Indian women generally wear bikinis when they vacation abroad or in Goa without the family. But, despite the conservative ideas prevalent in India, bikinis also become more popular in summer when women, from Bollywood stars to the middle class, take up swimming, often in a public space. A lot of tankinis, shorts and single-piece swimsuits are sold in the summer, along with real bikinis and bandeaukinis. The maximum sales for bikinis happen in the winter, the honeymoon season. For more coverage, designers Shivan Bhatiya and Narresh Kukreja invented the bikini-saree popularised by TV anchor Mandira Bedi.
By the end of the first decade of the 21st century, the Chinese bikini industry became a serious international threat for the Brazilian bikini industry. Huludao, Liaoning, China set the world record for the largest bikini parade in 2012, with 1,085 participants and a photo shoot involving 3,090 women. "Beijing Bikini" refers to the Chinese urban practice of men rolling up their shirts to expose there midriff to cool off in public in the summer. In Japan, wearing a bikini is common on the beach and at baths or pools. But, according to a 2013 study, 94% women are not body confident enough to wear a bikini in public without resorting to sarongs, zip-up sweatshirts, T-shirts, or shorts. Japanese women also often wear a "facekini" to protect their face from sunburns.
For most parts of the Middle East, bikinis are either banned or is highly controversial. When Lebanese magazine Ash-Shabaka printed a bikini-clad woman on the cover on March 18, 1973 they had to make a second version with only the face of the model. In 2011, Huda Naccache (Miss Earth 2011), when she posed for the cover of Lilac (based in Israel) became the first bikini-clad Arab model on the cover of an Arabic magazine. Lebanese-Australian fashion designer Aheda Zanetti created the "Burkini" as a modest option to bikini, which has become very popular among Muslims. Rehab Shaaban, an Egyptian designer, tried an even more abaya-like design, but her design was banned due to safety reasons.
While the name "bikini" was at first applied only to beachwear that revealed the wearer's navel, today the fashion industry considers any two-piece swimsuit a bikini. Modern bikini fashions are characterized by a simple, brief design: two triangles of fabric that form a bra and cover the woman's breasts and a third that forms a panty cut below the navel that covers the groin and the buttocks.
Bikinis can and have been made out of almost every possible clothing material, and the fabrics and other materials used to make bikinis are an essential element of their design. Modern bikinis were first made of cotton and jersey. DuPont's introduction of Lycra (spandex) in the 1960s completely changed how bikinis were designed and worn, as according to Kelly Killoren Bensimon, a former model and author of The Bikini Book, "the advent of Lycra allowed more women to wear a bikini...it didn't sag, it didn't bag, and it concealed and revealed. It wasn't so much like lingerie anymore." Alternative swimwear fabrics such as velvet, leather, and crocheted squares surfaced in the early 1970s.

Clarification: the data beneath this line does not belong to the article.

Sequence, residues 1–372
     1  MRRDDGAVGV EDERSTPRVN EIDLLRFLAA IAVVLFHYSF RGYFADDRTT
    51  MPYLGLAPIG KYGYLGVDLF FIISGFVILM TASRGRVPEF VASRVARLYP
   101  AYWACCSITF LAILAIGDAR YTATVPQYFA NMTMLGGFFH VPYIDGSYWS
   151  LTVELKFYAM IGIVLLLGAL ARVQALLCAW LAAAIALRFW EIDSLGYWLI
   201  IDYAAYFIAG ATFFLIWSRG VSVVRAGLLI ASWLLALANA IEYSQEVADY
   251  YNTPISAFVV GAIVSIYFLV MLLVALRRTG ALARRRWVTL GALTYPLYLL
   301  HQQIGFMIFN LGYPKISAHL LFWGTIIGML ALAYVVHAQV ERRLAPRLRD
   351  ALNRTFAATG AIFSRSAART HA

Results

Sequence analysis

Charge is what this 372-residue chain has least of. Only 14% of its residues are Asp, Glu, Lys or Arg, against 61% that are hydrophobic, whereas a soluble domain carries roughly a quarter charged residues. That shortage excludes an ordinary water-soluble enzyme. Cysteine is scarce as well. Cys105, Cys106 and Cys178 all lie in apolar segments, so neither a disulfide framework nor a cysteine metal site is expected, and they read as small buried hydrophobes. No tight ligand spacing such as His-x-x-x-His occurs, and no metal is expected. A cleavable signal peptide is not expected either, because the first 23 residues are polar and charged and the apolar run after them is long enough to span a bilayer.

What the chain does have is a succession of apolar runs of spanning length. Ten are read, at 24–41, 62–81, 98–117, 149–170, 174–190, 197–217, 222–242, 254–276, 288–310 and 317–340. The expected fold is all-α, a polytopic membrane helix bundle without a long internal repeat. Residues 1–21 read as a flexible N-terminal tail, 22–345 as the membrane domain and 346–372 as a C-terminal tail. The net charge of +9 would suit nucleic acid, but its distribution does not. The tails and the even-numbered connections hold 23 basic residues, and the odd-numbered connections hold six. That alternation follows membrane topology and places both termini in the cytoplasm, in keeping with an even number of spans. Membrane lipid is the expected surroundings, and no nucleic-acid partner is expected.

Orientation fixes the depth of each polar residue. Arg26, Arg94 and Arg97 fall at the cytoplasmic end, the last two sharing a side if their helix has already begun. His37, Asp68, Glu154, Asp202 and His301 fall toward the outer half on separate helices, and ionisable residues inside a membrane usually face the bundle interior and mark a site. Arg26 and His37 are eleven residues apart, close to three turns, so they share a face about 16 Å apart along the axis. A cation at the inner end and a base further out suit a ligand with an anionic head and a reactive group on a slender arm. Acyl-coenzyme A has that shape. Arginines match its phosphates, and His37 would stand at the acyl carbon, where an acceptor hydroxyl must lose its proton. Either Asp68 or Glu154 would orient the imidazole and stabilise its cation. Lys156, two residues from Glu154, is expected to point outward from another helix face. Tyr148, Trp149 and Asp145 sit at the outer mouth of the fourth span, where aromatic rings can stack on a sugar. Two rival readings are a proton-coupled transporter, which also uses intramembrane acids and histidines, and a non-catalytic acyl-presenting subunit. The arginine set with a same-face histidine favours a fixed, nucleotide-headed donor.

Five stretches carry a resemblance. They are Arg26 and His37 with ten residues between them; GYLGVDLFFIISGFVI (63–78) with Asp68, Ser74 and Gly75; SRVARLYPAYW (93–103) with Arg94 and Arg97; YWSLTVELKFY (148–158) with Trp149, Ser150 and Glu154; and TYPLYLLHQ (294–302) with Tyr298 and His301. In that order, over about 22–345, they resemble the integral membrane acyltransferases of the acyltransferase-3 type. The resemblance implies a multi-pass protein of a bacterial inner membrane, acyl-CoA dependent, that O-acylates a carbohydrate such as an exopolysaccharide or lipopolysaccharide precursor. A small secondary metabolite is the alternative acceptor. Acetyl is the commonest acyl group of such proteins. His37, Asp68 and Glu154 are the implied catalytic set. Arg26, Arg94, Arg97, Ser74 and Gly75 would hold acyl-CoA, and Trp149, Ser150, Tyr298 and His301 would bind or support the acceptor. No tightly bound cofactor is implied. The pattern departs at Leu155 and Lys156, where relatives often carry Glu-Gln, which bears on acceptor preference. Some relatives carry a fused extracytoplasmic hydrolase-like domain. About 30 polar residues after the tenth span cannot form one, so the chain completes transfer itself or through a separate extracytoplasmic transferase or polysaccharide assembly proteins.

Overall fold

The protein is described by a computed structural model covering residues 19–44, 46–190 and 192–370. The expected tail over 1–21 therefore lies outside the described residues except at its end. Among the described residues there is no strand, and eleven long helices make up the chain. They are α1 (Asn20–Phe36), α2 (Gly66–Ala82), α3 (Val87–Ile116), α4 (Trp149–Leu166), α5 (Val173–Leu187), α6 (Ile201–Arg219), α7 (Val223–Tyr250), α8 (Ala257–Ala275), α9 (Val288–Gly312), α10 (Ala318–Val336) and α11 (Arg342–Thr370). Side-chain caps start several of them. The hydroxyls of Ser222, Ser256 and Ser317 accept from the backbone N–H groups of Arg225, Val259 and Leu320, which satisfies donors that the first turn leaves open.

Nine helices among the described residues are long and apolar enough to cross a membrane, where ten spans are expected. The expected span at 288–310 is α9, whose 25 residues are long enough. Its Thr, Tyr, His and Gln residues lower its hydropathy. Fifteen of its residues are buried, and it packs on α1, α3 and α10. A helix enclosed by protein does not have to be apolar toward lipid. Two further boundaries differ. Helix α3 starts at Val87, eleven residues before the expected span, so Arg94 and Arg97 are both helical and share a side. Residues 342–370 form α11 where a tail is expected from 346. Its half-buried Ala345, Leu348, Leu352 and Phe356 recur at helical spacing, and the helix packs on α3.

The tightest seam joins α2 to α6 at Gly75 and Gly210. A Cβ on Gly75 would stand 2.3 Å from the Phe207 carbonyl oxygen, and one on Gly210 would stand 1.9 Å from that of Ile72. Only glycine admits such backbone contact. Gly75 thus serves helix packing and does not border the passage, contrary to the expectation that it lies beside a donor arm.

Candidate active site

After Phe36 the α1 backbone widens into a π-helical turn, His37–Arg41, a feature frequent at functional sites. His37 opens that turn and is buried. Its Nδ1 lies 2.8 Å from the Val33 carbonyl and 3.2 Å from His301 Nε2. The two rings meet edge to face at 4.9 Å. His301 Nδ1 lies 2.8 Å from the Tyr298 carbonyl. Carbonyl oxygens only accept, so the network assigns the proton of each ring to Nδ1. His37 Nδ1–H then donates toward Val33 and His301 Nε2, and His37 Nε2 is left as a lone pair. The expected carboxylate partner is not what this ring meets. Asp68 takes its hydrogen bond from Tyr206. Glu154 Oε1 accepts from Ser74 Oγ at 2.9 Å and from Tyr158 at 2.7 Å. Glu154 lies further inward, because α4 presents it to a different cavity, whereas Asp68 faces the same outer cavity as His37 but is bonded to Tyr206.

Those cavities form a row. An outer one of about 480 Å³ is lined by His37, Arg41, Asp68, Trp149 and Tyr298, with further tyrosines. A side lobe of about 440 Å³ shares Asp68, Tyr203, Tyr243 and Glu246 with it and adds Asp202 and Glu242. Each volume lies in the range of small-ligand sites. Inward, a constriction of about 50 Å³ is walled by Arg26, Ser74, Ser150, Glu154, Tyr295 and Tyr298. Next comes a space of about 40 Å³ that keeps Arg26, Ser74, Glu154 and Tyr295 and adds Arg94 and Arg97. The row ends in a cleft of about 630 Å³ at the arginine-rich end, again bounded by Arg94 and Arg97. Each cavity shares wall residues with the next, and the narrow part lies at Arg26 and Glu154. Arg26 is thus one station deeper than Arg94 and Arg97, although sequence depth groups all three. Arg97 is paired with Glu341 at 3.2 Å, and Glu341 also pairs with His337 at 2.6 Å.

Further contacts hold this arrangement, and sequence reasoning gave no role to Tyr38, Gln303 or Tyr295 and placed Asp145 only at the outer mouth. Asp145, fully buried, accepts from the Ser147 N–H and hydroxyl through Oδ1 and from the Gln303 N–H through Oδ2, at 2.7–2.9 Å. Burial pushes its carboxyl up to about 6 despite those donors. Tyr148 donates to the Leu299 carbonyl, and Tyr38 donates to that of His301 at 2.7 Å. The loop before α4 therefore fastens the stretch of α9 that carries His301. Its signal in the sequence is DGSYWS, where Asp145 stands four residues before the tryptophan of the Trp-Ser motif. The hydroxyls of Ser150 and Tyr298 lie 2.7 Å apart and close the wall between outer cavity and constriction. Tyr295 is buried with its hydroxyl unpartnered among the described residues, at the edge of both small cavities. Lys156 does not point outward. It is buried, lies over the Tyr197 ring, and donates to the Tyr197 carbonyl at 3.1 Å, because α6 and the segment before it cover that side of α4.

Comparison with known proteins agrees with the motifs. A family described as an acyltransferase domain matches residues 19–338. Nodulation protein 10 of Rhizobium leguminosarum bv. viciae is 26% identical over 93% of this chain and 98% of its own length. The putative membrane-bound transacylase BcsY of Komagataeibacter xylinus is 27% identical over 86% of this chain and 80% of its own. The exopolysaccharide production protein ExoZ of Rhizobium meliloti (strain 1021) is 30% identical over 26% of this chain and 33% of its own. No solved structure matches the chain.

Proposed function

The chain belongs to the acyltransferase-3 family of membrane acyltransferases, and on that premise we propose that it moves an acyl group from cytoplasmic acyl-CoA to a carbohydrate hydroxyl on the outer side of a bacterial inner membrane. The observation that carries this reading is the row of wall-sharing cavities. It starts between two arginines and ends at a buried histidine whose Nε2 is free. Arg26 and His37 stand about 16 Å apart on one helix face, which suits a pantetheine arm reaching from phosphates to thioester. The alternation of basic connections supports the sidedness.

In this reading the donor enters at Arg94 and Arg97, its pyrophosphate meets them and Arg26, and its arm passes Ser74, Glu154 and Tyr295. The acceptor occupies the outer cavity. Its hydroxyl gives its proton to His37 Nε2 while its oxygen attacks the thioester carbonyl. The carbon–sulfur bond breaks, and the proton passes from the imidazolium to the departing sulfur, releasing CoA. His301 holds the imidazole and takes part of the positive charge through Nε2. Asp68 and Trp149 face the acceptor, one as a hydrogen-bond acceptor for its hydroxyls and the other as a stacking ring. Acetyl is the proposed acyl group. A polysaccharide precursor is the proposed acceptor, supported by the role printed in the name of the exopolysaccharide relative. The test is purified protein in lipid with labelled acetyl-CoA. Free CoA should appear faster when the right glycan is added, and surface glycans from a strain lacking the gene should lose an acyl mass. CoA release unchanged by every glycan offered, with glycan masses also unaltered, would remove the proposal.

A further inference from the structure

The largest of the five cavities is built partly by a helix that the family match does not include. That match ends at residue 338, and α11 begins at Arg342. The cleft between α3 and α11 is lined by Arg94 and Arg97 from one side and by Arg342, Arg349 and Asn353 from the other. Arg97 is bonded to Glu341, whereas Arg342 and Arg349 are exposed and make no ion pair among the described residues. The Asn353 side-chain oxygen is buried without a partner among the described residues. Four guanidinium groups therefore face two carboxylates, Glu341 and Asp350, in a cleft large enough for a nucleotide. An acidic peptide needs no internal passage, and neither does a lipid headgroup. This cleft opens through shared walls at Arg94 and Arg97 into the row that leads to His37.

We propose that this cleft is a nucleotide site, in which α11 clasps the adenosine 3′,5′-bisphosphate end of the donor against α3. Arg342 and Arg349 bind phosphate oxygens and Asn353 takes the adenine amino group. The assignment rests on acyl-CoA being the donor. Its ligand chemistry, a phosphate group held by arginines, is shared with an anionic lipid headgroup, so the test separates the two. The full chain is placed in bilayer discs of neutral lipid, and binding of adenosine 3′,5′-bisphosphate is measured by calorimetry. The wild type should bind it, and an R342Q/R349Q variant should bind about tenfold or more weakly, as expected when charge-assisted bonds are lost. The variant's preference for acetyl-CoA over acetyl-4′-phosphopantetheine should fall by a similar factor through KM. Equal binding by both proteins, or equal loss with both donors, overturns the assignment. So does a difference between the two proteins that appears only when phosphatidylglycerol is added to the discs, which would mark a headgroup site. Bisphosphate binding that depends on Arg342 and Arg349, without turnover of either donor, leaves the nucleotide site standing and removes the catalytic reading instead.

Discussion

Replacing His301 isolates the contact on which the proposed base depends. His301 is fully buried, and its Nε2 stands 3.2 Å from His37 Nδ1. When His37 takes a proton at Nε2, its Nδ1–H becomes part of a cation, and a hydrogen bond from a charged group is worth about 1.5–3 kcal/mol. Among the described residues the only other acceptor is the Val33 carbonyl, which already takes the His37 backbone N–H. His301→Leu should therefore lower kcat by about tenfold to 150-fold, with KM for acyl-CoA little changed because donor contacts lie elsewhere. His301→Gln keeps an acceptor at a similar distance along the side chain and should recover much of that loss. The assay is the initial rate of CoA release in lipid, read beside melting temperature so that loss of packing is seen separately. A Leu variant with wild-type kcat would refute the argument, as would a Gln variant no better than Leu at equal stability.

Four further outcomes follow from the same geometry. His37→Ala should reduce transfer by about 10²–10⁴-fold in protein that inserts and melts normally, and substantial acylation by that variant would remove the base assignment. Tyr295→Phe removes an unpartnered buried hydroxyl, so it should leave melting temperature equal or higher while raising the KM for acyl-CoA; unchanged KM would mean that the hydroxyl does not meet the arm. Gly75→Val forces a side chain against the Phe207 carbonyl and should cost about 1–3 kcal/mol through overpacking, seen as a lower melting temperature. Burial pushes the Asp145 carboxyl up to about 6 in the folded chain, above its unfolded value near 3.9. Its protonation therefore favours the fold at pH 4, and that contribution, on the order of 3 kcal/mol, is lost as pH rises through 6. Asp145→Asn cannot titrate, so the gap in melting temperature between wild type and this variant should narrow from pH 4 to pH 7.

In a single fashion show in 1985, there were two-piece suits with cropped tank tops instead of the usual skimpy bandeaux, suits that resembled bikinis from the front and one-pieces from the back, suspender straps, ruffles, and deep navel-baring cutouts. Metal and stone jewelry pieces are now often used to dress up look and style according to tastes. To meet the fast pace of demands, some manufacturers now offer made-to-order bikinis ready in as few as seven minutes. The world's most expensive bikini was designed in February 2006 by Susan Rosen; containing 150 carats (30 g) of diamond, it was valued at £20 million.
There is a range of distinct bikini styles available — string bikinis, monokinis (topless or top and bottom connected), Trikinis (three pieces instead of two), tankinis (tank top, bikini bottom), camikinis (camisole top, bikini bottom), bandeaukini (bandeau top, bikini bottom), skirtini (bikini top, skirt bottom), "granny bikini" (bikini top, boy shorts bottom), hikinis (also hipkini), seekinis (transparent), minikinis, microkinis, miniminis, slingshots (or suspender bikinis), thong bottoms, tie-sides (a variety of string bikini) and teardrops.